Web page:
Robert Wolke: Chemist who revealed the secrets of the kitchen

Fascinated by the science of food, Wolke column in ‘The Washington Post’ helped a generation of budding cooks

Harrison Smith
Saturday 11 September 2021 20:51
<p>Dr Wolkes was a fountain of fascinating scientific food facts </p>

Dr Wolkes was a fountain of fascinating scientific food facts

Robert L Wolke, a nuclear chemist who spent decades teaching liberal-arts students about the fundamentals of chemical reactions then helped demystify the kitchen through a folksy Washington Post column and book series about the science of food, has died aged 93.

What really happens when a pork chop gets freezer burn? Does adding salt to boiling water actually make pasta cook faster? And is it really possible, even on a 37C day under the Texas sun, to fry an egg on the sidewalk?

Dr Wolke answered all those questions and hundreds of others in Food 101, a syndicated, biweekly column that ran in The Post from 1998 to 2007. With clarity, concision and a bounty of puns and jokes, he explained that adding salt to water might change the taste but will hardly speed up the cooking, and that a process known as the Maillard reaction accounts for why red meat turns brown on the stove.

“He was able to convey the simple message that cooking is something amazing you can enjoy, but much more powerful if you understand the why of things,” chef and humanitarian Jose Andres, a longtime reader of Dr Wolke’s, said. “He brought complex terminology and complex issues down to earth, making many of us, with his explanations and his storytelling, smarter.”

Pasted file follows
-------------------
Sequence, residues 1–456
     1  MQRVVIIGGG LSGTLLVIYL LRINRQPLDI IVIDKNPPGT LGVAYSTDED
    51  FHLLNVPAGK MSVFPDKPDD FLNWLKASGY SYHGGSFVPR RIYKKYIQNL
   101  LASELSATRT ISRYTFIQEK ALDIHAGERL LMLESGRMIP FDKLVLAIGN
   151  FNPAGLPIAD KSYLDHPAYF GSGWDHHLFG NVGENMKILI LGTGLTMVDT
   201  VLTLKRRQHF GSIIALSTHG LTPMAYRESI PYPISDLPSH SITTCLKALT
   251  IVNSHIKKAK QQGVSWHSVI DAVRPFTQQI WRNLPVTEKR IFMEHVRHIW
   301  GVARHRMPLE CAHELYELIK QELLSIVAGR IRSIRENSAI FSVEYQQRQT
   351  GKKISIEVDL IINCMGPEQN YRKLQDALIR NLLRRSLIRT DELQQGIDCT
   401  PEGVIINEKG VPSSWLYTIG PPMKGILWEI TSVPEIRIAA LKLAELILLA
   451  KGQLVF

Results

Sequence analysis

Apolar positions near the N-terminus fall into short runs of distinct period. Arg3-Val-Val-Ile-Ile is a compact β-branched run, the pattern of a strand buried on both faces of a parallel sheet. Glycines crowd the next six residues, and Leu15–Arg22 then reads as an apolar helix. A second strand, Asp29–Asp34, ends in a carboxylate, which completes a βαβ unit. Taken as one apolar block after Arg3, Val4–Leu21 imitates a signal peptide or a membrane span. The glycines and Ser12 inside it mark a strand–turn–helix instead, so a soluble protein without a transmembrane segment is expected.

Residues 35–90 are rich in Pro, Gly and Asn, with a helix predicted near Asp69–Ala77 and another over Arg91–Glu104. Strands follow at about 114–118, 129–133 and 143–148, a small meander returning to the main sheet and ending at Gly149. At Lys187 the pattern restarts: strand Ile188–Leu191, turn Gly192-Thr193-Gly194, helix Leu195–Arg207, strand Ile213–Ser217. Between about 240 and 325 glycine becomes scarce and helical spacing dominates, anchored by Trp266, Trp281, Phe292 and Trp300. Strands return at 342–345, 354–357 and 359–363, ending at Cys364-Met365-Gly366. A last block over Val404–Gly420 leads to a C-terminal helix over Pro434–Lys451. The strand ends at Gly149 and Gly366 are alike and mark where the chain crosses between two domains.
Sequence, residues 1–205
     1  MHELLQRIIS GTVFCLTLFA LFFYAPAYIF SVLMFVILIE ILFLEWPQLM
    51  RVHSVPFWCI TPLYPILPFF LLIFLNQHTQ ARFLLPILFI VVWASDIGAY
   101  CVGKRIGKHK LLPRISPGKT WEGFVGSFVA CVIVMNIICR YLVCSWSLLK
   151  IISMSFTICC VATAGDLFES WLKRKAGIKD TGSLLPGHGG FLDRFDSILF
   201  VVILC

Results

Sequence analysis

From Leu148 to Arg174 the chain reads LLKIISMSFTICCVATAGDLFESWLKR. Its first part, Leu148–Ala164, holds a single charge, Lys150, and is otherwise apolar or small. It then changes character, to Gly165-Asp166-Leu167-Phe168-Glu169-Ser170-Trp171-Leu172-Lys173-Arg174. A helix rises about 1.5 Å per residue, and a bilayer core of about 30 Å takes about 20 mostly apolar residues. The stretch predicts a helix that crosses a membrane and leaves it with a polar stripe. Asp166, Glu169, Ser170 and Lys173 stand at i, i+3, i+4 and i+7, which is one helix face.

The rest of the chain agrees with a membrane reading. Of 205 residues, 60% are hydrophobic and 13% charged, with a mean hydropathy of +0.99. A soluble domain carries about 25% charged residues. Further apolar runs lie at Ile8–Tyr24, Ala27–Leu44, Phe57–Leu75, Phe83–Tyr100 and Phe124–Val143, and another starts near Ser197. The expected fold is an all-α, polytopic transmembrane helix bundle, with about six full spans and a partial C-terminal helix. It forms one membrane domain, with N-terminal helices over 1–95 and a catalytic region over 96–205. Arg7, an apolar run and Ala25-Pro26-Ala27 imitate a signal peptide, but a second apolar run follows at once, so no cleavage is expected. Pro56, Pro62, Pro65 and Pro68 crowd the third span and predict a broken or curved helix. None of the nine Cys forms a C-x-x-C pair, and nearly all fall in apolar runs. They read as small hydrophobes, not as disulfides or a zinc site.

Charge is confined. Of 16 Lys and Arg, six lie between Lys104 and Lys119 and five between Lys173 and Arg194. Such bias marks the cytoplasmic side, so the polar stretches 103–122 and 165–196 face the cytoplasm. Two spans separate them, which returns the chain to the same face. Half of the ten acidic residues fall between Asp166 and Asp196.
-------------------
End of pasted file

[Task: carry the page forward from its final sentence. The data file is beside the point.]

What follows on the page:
In 2001, Dr Wolke won a James Beard Foundation award for best newspaper food column, along with an International Association of Culinary Professionals honour for best newspaper food writing. A year later, he adapted many of his columns into a book, What Einstein Told His Cook, in which he explored issues such as whether you could use wine and beer while cooking for teetotalers.

His answer to that question examined the evaporation rates and boiling temperatures of water and alcohol, and drew on a 1992 nutrition study that found anywhere from 4 per cent to 49 per cent of the original booze remained in finished dishes. But before getting into the science, he offered a few lines of light verse, riffing on a 1950s novelty song:

“Does the vino lose its power in the Crock-Pot overnight?/ In a flambe baked Alaska, does the brandy lose its bite/ Does the alcohol all burn off, as the cookbooks say it does?/ Or can you eat a plate of coq au vin and get a little buzz?”

Reviewing What Einstein Told His Cook for Washington City Paper, food writer Tim Carman likened the experience of reading the book to “having an eccentric uncle to dinner”, adding that Dr Wolke “manages to pull off an amazing bit of intellectual manipulation: he downplays his scientific credentials with geeky self-effacement when, in fact, his scientific credentials are the very reason you pick up the book in the first place”.

As a chemist, Dr Wolke was perhaps best known for discovering what was then considered the radioactive isotope with the longest half-life, cadmium-113, a scientific achievement that landed him in the 1979 Guinness Book of World Records.

But he became more interested in teaching than in research, and in finding ways to reach students who might not otherwise care about covalent bonds or radioactive decay. Volunteering to lead beginner-level classes at the University of Pittsburgh, where he taught for 30 years, he said he liked the challenge of explaining difficult concepts in the simplest way possible.

He brought a similar approach to writing for a general audience, publishing four books about science in everyday life, including What Einstein Didn’t Know (1997), What Einstein Told His Barber (2000) and What Einstein Kept Under His Hat (2012), a sequel to his earlier food science book. The Einstein works collectively sold about 250,000 copies and were translated into a dozen languages.